This is where tuning your motorcycle comes in. Tuning makes changes and tweaks to optimize the balance between fuel, power, and air throughout your entire powerband to get the most out of your bike as well as the modifications you are making to it.

Generally, whenever you make upgrades to the engine, intake or exhaust, you need to tune your bike because a change to any of these areas will affect everything we talked about above.  

British Customs products currently offer upgrades to the intake and exhaust aspects of the engine, basically affecting the air part of the engine equation. Our upgrades will increase the amount of air flow in your engine, which will change the ratios between fuel:air. 

Intake refers to the air (O2) going into the engine, where it mixes with fuel and is ignited with spark to power your bike. Think “inhale” - intake upgrades will determine the quantity and quality of the air that is sucked into the engine cylinders. 

Exhaust: Exhaust refers to the waste gasses and other combustion products exiting the engine. Exhaust systems can change the way and rate of how quickly these gasses are sucked or “scavenged” out, which helps the chamber to intake with more oxygen faster to allow for bigger combustions and more power. 

Pay attention to how your bike is riding: 
One method would be to look out for some things while riding. Feel for flat spots when you’re moving and notice if certain parts of your powerband dip or plateau at certain RPM ranges. Also take note if it feels like your bike lags while throttling - it will feel like there’s a disconnect between your throttle and your bike’s responsiveness to it. 

There are also a few symptoms you can look out for to tell if your bike is running too “lean” or too “rich”:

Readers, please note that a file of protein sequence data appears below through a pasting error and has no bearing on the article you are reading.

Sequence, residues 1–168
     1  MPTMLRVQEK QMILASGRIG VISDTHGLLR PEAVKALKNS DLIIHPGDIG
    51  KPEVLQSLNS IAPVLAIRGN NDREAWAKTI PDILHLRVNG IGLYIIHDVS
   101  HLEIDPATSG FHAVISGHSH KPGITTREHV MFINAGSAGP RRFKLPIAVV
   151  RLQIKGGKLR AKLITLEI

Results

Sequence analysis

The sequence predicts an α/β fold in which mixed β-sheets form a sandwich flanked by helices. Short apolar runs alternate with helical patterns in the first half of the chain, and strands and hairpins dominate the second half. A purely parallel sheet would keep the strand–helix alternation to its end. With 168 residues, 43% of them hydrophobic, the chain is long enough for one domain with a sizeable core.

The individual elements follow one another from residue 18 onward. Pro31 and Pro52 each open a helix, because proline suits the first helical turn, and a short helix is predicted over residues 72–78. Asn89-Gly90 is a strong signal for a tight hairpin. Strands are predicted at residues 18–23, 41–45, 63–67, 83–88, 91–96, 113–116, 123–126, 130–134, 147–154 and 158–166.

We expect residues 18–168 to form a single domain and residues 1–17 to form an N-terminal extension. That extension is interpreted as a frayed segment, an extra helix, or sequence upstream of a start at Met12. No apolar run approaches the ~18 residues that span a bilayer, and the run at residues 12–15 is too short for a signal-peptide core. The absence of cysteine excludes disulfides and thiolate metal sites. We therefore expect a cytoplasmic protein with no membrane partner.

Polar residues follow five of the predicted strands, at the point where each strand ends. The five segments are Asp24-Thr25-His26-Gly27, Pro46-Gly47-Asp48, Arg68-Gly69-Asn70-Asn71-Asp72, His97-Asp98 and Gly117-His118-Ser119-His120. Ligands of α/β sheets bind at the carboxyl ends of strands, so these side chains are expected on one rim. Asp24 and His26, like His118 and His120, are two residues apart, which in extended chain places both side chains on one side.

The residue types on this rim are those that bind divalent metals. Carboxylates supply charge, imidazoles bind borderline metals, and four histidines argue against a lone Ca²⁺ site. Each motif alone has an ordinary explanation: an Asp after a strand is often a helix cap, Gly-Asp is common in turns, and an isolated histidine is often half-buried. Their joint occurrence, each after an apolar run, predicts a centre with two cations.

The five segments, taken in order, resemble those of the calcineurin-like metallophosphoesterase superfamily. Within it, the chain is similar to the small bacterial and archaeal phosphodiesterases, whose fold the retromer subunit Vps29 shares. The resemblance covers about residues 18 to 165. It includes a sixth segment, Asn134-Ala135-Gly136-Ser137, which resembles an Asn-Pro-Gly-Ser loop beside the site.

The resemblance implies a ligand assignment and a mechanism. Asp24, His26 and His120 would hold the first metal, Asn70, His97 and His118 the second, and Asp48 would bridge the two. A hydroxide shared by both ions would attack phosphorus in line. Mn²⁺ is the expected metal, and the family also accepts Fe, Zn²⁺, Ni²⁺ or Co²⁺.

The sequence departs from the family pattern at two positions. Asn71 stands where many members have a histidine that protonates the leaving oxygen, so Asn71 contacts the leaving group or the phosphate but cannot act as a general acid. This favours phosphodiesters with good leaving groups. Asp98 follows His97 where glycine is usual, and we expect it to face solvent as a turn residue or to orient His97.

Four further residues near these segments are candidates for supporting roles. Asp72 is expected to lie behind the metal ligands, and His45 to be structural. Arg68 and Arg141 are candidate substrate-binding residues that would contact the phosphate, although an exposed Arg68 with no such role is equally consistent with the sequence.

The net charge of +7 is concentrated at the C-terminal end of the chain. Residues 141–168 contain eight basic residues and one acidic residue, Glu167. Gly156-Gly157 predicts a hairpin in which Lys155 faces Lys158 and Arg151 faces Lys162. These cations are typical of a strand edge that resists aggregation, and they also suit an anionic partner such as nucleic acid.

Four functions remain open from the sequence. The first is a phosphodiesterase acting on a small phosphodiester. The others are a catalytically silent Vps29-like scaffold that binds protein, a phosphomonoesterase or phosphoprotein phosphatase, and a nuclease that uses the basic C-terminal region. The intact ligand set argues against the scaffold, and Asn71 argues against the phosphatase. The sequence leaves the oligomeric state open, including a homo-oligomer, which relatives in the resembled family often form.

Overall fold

Lean (too much air):

- Frequent backfire (“popping”)

- Engine overheat

- Throbbing acceleration despite consistent throttle

- Delay in Response

- White-ish residue around the spark plugs after riding

Risks: Running your bike lean poses the biggest risk to your engine, since the lack of fuel will make the combustions run hotter, and the lack of lubrication + heat causes more friction that wears fast on your engine’s internal parts

Rich (too much fuel):

- Strong fuel odor

- Bike is consuming fuel fast

- Dirty air filter

- Black residue around the spark plugs and exhaust

Risks: Running your bike rich is not only terrible for performance and wasteful on gas but can cause your engine to clog with sediments due to the excess amount of unburnt fuel sitting in all parts of your engine.

Dynamometer Testing: 
Another way to find out if you need a tune is by finding a Dynojet approved tuning center and putting your bike on a dynamometer to provide you with detailed data and graphs showing you where your bike needs adjustments with surprising precision. This is also another good way to diagnose your bike to see if there are any mechanical issues.

Use a third-party tuning software to view your tuning maps (for fuel-injected bikes):